The nuts help raise levels of magnesium and alpha tocopherol, or vitamin E, two nutrients that help protect against a range of age-related health problems such as Alzheimer's disease.
Eating a handful of the nuts every day for four months raises levels of both nutrients, say researchers from Oregon State University, who monitored 32 older adults—aged 55 and older—for four months.
As well as raising levels of the two nutrients, the hazelnuts also lowered levels of glucose, or blood-sugar, and LDL lipoproteins, often described as the 'bad' cholesterol.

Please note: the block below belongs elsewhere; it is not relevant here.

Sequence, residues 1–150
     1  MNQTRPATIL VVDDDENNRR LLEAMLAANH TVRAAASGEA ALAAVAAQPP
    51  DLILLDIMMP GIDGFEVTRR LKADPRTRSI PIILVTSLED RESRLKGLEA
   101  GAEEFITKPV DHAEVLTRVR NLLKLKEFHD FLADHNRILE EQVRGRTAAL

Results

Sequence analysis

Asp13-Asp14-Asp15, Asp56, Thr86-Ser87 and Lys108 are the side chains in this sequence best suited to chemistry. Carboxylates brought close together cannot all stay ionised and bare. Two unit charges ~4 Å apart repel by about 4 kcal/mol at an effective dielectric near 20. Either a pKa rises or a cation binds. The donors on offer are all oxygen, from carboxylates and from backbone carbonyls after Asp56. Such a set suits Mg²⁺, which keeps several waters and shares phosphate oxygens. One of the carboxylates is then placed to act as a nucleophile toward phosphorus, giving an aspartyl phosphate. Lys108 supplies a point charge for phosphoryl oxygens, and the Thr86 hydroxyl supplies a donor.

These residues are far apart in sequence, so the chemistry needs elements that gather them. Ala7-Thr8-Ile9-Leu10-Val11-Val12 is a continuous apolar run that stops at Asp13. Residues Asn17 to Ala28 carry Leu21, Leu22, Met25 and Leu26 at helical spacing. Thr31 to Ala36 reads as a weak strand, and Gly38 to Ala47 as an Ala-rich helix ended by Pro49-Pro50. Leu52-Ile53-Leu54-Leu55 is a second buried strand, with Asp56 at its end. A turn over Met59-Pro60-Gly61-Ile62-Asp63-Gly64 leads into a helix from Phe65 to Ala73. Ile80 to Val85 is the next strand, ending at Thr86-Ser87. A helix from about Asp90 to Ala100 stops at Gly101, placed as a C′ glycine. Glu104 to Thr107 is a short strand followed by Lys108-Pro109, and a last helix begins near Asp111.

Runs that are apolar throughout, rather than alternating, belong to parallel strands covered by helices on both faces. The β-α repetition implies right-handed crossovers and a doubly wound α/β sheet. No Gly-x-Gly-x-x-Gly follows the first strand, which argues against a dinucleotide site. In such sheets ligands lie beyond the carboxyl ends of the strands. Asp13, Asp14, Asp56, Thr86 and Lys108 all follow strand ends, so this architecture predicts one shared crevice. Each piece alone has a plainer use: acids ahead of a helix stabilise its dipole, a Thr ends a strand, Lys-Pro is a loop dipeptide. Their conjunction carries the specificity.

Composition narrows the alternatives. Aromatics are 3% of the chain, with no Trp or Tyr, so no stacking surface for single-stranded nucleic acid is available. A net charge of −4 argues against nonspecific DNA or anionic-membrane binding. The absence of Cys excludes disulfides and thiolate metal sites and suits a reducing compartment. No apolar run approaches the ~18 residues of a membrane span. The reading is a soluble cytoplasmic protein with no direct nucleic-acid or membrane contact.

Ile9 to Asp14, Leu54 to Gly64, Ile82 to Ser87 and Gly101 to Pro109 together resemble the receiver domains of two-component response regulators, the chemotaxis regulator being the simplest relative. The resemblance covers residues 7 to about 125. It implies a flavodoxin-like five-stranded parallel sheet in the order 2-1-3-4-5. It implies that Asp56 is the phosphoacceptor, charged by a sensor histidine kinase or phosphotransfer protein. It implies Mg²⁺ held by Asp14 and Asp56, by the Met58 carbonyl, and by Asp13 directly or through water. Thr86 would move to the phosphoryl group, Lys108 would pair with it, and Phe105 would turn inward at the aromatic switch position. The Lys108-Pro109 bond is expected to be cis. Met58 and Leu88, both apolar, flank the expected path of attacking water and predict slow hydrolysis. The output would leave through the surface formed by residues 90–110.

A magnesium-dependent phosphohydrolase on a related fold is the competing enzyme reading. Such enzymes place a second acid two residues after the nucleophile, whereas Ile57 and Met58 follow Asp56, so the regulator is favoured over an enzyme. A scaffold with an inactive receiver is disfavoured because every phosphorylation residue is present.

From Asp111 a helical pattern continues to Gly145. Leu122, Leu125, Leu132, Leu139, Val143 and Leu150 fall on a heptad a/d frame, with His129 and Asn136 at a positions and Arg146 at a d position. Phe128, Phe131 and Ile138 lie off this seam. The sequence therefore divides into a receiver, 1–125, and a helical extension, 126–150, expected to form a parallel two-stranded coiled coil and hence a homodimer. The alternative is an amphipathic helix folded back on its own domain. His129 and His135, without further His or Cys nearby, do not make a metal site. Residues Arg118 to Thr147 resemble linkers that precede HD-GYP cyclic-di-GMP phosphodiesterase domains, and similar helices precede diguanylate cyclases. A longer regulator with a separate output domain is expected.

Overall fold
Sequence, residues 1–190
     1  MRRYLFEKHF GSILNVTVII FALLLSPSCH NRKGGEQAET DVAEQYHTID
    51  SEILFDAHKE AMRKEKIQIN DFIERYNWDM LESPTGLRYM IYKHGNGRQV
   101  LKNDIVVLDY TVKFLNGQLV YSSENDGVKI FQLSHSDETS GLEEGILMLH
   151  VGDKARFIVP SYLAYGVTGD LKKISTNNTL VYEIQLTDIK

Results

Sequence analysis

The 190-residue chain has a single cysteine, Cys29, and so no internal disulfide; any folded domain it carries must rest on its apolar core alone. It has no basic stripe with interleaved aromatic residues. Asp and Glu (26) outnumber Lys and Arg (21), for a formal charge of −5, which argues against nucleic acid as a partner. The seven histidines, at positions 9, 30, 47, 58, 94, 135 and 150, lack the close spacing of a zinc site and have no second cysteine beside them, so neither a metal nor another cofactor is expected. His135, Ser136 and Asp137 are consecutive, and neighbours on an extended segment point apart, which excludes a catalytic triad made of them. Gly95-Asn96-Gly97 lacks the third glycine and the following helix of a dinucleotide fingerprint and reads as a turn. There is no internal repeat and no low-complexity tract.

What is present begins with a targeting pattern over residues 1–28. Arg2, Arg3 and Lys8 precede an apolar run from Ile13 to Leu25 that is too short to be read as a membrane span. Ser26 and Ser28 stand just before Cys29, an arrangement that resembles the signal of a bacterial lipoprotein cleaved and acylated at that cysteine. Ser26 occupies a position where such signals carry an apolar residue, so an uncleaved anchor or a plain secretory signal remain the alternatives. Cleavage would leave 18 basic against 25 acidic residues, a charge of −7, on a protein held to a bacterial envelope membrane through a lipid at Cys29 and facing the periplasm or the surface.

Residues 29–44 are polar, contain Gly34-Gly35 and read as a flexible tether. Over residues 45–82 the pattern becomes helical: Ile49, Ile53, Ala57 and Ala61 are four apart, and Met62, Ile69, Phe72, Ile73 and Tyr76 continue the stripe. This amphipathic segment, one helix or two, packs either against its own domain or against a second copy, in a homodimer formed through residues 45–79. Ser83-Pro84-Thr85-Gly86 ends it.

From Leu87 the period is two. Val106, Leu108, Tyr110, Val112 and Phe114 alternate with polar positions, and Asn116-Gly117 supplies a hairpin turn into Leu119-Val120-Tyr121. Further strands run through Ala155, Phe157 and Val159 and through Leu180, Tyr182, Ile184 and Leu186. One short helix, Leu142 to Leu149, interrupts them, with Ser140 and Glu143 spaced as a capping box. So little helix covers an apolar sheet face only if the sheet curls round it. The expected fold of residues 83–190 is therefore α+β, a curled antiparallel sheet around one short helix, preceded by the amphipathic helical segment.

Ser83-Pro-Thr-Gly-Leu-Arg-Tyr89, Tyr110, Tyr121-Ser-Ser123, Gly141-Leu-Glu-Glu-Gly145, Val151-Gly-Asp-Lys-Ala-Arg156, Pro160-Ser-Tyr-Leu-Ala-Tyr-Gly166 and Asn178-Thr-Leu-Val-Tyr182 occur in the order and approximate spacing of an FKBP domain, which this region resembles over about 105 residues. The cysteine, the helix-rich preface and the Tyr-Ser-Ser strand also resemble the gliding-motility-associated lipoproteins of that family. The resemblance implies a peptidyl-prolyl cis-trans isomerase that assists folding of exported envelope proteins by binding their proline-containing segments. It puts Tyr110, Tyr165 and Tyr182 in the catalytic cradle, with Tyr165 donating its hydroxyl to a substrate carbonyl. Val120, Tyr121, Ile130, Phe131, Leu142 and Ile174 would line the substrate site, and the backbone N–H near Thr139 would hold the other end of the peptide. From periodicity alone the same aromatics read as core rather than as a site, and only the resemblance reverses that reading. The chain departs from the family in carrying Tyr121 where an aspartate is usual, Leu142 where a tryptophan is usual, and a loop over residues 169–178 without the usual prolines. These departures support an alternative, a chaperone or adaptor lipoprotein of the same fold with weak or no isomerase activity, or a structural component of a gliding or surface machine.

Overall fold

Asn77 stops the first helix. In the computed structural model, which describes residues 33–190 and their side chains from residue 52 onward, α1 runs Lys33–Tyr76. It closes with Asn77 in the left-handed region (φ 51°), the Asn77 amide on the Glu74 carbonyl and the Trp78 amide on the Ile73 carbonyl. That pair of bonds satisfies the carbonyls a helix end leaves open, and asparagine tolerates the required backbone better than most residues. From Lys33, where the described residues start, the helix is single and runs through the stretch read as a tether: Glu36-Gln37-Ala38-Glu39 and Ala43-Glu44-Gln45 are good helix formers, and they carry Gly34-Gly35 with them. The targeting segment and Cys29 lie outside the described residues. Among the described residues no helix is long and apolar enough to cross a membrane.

Many people in the US are deficient in both nutrients, partly because they "don't like taking multivitamins, but hazelnuts represent a multivitamin in natural form," said Maret Traber, one of the researchers.
Hazelnuts are also a source of healthy fats, copper and B6.